Efficient Irrigation Important To Farmers

John Branch, Chaney, John A., Daniels, Glen E.  |  4/19/2005 10:29:19 PM

Farmers and water resource professionals listen to LSU AgCenter irrigation specialist Dr. Bill Branch (with hand raised) explain the importance of precision-leveled fields in reducing the amount of water needed to irrigate a rice crop. A tour of Angelina Plantation, where precision-leveling has been used on 9,000 of the 26,000 acres, was part of an educational meeting designed to teach farmers and others about alternative irrigation practices that could reduce water use and irrigation costs.

News Release Distributed 06/02/04 

VIDALIA – Louisiana is blessed with abundant rainfall and large supplies of surface water, but the groundwater supplies have been declining in three major aquifers.

Now, farmers are looking for more efficient ways irrigate their crops.

"The need to irrigate crops is important to all farmers and essential for rice farmers," said LSU AgCenter irrigation specialist Dr. Bill Branch, adding, "We need to find more efficient and economical methods to manage the water resources."

The costs of irrigation on a farm depend on the source of water, the slope of the land, the quality of the water, the soil type and the cultural practices used on the farm.

Branch said the purpose of an irrigation workshop last week (May 26) was to provide an opportunity for farmers and water resource professionals to learn about irrigation research being conducted here and in other states such as Arizona, Arkansas and Mississippi.

The workshop also gave participants to tour precision-leveled fields that incorporate a technique known as level-basin irrigation at Angelina Plantation – a 26,000 acre rice, soybean, grain sorghum, wheat and oat farm near Monterey.

"We precision-leveled 9,000 acres of the rice and soybean land and built levies, roads, ditches and installed an irrigation system for each 80-acre field for a cost of $402 per acre," said Lee Bean, general manager of Angelina Plantation.

In turn, those improvements allow use of a system known as level-basin irrigation, which helps reduce the amount of irrigation water needed for the crops and the labor to maintain a flood on the rice, he said.

When flooding a rice field, "We pump water on the field to establish a flood and turn the pump off," Bean explained, continuing, "It is like putting water in a pond – the fields stay flooded until the water is drained from the field."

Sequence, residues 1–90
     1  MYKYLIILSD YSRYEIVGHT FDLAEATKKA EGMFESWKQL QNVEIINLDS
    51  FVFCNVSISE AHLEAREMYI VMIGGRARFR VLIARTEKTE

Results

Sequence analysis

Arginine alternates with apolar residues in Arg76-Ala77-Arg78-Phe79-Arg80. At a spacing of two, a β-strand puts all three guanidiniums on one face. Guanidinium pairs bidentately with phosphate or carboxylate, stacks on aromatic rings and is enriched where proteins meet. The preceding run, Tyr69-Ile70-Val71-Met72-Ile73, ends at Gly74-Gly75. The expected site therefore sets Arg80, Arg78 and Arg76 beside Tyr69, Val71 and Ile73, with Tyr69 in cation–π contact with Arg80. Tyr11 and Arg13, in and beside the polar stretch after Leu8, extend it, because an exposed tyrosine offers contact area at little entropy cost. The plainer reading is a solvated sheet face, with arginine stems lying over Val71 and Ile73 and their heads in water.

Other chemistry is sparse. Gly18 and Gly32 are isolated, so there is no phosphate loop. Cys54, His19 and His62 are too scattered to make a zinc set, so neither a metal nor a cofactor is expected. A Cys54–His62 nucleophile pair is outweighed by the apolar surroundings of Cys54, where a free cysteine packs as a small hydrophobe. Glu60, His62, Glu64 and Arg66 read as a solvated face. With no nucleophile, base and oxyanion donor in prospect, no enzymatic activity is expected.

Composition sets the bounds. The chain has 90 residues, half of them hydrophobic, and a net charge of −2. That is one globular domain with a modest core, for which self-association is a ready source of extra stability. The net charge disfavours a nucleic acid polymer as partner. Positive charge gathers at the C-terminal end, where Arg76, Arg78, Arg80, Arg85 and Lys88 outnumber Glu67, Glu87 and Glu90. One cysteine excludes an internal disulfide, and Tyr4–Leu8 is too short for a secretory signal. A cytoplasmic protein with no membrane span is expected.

The fields have ditches on three sides, which help to quickly cover the field with irrigation water or drain excess water from the field following a rain.

"There is little need for a shovel in a level-basin field, and water levels can be checked at any location in the field," Bean said. "This saves a lot of time and labor."

Bean said their experience shows the total amount of water needed to produce rice in a season can be reduced using level-basin techniques rather than conventional rice irrigation methods.

"Successful farming is a game of pennies," Bean said. "And farmers must be efficient in all segments of their business."

LSU AgCenter county agent Glen Daniels of Concordia Parish, who helped to organize the workshop, said farmers want to know when to irrigate their cotton, corn and soybeans. He said it is important to irrigate clay soils like those found in the area before they crack too severely – especially early in the season.

In addition to touring Angelina and seeing level-basin irrigation in use there, professionals from other states were invited to share their knowledge about irrigation studies and technologies being used in other parts of the country.

Bert Clemmens, director of the U.S. Water Conservation Laboratory in Phoenix, Ariz., said level-basin irrigation in Arizona reduces water use up to 40 percent, cuts labor by $18 per acre and increases yield 15 percent over conventional irrigation systems.

Moving to another type of irrigation, Wayne Smith, an engineer for the University of Arkansas, said the use of multiple-inlet irrigation systems in rice is an effective system to use on land with a gradual slope.

In multiple-inlet systems, water is transported by a pump through polyethylene tubing and discharged through holes punched in the wall of the tubing.

A study of the multiple-inlet rice irrigation system by the University of Arkansas indicated it reduces water use by 26 percent, cuts labor by 30 percent and increases rice production by 3.8 percent over conventional irrigation systems, according to Smith.

"This system is especially good for growers with limited water supplies – but it helps any grower cut water use and input costs," Smith said.

On another topic, Jim Thomas, an engineer from Mississippi State University, explained how farmers can flood a field and then raise the levee gate and capture rainfall in a rice field to use in the irrigation process.

In an experiment last year, Smith said they were able to maintain yields but cut water use in one field by 10 inches through this type of intermittent irrigation.

"This is an excellent way to study and learn about irrigation technologies that have been tried in other states but are new to us," the LSU AgCenter’s Branch said of the workshop.

For more information on a variety of issues related to agriculture and natural resources, home lawns and gardening, food, nutrition, family life and more, go to www.lsuagcenter.com or visit your parish LSU AgCenter Extension office.

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Contacts:
Bill Branch at (225) 578-2917 or bbranch@agcenter.lsu.edu
Glen Daniels at (318) 336-5315 or gdaniels@agcenter.lsu.edu
Writer:    
John Chaney at (318) 473-6605 or jchaney@agcenter.lsu.edu

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